Migration Essay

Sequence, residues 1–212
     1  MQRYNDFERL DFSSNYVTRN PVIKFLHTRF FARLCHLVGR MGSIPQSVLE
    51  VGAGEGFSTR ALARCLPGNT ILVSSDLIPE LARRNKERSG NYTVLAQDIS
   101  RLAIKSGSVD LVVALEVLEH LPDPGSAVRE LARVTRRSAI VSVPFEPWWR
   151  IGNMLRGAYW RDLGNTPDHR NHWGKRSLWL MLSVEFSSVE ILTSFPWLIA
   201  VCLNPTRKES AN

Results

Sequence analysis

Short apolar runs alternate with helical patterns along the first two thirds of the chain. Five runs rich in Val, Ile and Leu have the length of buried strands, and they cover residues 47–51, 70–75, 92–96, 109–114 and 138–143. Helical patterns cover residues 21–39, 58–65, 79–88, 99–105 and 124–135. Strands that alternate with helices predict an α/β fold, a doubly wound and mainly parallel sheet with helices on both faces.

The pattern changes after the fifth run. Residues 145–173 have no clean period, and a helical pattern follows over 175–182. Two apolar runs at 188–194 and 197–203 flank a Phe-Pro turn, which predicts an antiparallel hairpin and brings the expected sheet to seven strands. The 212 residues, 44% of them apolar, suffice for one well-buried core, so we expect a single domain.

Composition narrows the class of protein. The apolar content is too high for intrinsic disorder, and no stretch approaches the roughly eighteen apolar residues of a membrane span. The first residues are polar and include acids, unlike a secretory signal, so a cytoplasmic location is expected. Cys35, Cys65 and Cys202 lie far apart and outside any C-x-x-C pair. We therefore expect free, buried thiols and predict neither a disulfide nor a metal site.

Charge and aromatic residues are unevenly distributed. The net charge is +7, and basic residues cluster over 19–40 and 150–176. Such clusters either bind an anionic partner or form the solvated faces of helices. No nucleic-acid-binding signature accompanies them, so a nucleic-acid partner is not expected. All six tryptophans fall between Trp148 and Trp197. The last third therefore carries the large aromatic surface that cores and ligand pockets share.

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The 1840s and 1850s marked the beginning of Asian immigration to the United States, starting with the arrival of Chinese in Hawaii and on the mainland West Coast. Initially, laborers found work on the sugar plantations and in the gold mines, and later supplied much of the manual labor for the building of the western leg of the transcontinental railway. By the turn of the twentieth century, the same employment opportunities began to draw increasing numbers of immigrants from other parts of Asia, including Japan, the Philippines, Korea, and India. However, successive waves of Asian immigration tended to create corresponding waves of anti-Asian sentiment. Labor leaders, temperance activists, and agricultural interests pressed the government to react to the perceived threats that Asians were thought to represent to employment (e.g., wage deflation), morality (e.g., opium use), and hygiene (e.g., prostitution). This agitation was met with increasingly restrictive immigration and naturalization policies that slowed Asian immigration to a trickle throughout the first half of the twentieth century. The liberalization of immigration policy following World War II brought with it a new wave of Asian immigration. Whereas Asian Americans represented less than one half of 1% of the U.S. population in 1940, by 1990 they made up nearly 3%, or 7 million, and by 2005, the Asian American population had grown dramatically to 14.4 million, or 5% (U.S. Census Bureau, 2007). However, Asian Americans are not a homogeneous community. On the contrary, they represent a very diverse population, with regionally and culturally specific language, dialects, traditions, and beliefs. Moreover, each cultural group was drawn (or pushed) to the United States by different motives. Most early immigrants—whether Chinese, Japanese, or Filipino, for example—sought employment as unskilled labor. By the

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